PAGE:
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The Justice Department has shut down the largest criminal marketplace on the internet.
AlphaBay, which operated for more than two years on the dark web, was trafficking in illegal drugs, stolen and fraudulent identification, counterfeit goods, hacking tools, firearms, and toxic chemicals throughout the world.
"This is likely one of the most important criminal investigations of the year -- taking down the largest dark net marketplace in history," said Attorney General Jeff Sessions.
According to public information, AlphaBay claimed it had more than 200,000 users and 40,000 vendors. At the time it was shut down, the company listed more than 250,000 postings for illegal drugs and toxic chemicals and 100,000 offerings of stolen and fraudulent identification documents and other illegal property.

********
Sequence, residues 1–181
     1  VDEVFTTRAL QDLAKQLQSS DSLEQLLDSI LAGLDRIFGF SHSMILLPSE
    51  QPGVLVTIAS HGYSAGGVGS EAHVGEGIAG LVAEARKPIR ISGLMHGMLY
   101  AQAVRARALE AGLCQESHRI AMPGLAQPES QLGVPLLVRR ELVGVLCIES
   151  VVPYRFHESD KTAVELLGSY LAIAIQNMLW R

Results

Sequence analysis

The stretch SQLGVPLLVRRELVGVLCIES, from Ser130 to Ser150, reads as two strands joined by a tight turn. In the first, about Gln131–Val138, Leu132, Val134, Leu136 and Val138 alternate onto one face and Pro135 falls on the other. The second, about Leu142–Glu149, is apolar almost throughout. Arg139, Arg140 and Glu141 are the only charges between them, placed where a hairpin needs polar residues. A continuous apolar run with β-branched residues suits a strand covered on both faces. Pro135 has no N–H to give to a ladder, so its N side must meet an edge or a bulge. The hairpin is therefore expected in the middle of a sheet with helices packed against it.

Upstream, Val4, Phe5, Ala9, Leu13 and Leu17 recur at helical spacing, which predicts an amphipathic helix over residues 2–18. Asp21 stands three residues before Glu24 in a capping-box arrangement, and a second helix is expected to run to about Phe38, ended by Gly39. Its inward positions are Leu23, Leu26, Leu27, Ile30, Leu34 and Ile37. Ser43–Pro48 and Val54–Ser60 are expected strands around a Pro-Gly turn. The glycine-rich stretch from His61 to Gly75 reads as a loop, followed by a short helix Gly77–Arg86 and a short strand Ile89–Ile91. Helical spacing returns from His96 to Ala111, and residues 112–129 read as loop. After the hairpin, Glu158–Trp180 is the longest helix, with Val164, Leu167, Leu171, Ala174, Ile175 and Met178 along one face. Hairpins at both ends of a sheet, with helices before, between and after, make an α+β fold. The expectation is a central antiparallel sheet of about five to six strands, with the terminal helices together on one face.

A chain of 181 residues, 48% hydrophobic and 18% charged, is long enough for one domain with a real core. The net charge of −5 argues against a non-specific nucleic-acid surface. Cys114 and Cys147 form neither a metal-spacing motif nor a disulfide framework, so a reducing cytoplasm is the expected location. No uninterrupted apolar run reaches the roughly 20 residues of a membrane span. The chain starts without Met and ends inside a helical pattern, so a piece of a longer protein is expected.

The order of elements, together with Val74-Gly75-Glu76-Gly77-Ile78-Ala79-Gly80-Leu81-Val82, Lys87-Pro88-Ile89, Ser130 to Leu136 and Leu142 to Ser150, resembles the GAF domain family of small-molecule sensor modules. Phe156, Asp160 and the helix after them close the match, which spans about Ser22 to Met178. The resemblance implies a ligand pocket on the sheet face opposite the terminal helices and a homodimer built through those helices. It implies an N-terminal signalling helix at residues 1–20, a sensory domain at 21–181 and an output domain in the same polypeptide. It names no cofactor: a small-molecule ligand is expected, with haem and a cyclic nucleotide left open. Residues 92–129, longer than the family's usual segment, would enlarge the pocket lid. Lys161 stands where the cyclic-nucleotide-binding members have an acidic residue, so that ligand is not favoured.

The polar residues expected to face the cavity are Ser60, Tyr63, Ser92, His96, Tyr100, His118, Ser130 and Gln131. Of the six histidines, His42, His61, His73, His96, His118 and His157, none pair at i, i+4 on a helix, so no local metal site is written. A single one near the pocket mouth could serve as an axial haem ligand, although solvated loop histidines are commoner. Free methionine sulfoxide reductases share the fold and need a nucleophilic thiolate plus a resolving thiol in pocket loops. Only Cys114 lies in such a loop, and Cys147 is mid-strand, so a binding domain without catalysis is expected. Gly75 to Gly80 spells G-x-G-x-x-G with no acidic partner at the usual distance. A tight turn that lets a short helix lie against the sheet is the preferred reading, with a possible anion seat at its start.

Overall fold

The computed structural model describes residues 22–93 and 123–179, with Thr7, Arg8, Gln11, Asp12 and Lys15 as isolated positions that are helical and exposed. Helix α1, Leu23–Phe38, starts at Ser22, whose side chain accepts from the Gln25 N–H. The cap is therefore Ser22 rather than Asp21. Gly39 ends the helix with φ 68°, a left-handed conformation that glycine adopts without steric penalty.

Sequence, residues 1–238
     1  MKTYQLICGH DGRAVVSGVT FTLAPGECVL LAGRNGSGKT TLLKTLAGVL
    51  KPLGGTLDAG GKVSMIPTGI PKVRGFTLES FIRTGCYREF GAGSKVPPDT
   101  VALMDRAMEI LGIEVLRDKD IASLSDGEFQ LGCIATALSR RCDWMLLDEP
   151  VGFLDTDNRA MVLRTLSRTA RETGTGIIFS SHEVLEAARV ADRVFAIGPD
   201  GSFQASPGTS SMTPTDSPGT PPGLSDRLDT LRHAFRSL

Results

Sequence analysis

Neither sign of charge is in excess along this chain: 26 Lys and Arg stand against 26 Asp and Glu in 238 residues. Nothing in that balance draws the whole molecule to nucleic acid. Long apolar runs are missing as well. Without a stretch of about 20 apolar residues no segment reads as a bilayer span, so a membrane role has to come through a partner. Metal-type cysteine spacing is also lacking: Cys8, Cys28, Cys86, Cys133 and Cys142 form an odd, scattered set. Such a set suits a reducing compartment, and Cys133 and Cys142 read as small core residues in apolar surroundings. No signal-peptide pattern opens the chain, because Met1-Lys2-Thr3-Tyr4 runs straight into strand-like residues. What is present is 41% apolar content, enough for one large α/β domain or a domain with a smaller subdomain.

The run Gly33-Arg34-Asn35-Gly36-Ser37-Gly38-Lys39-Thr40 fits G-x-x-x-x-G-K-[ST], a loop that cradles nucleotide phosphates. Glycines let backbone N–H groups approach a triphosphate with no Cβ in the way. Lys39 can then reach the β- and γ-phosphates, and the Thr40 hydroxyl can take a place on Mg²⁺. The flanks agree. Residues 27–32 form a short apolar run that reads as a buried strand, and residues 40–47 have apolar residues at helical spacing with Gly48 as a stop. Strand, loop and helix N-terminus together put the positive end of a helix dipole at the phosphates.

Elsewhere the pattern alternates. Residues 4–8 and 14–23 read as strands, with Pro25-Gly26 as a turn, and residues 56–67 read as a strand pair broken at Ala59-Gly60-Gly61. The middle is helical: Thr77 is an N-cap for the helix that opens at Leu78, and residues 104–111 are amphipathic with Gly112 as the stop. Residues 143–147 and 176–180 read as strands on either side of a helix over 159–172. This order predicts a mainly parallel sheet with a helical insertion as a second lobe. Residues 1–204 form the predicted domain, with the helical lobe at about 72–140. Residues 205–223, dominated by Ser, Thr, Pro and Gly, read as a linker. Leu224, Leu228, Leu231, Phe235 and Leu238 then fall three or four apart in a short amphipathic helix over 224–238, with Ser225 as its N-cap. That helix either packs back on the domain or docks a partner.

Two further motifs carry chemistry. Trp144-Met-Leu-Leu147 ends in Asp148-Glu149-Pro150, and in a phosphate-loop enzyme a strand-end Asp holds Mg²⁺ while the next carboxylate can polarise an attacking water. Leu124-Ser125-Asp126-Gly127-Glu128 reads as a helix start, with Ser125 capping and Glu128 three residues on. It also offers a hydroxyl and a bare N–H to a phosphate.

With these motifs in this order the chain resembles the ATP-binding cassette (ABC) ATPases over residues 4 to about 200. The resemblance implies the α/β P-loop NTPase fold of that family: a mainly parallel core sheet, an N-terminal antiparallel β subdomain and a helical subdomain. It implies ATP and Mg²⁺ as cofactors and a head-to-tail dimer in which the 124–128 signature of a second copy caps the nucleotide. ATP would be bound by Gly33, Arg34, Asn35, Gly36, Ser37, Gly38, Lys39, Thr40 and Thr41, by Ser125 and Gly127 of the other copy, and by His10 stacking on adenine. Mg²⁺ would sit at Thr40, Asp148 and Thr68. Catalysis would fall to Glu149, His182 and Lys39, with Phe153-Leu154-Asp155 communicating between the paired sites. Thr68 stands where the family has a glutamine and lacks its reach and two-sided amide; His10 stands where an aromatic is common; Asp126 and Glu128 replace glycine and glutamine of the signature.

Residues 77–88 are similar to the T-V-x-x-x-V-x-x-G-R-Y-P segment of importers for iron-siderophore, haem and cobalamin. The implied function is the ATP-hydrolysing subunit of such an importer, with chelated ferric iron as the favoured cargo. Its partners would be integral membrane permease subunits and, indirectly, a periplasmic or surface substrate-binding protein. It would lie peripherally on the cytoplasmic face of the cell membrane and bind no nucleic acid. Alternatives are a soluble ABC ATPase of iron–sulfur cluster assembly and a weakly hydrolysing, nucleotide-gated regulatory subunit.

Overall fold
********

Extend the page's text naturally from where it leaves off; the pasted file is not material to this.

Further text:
Officials said AlphaBay served as a hub for transnational, organized crime. They arrested and charged Alexandre Casez, who created the website, with conspiracy, racketeering, and related crimes. He reportedly committed suicide while in custody in Thailand.
According to criminal complaints, the dark net site was a major source of heroin and other illegal drugs that led to overdose deaths, including a 13-year-old Utah boy. Prosecutors filed charges against defendants in various states.
Chuck Rosenberg, acting administrator of the Drug Enforcement Agency, said the government is doing all it can do stave the crime wave on the dark net. But it is not easy.
"We are keenly aware that there will be another AlphaBay," he said.
Last month, a federal appeals court affirmed a life sentence against the founder of another dark net company. The Silk Road, however, was 10 times smaller than AlphaBay.
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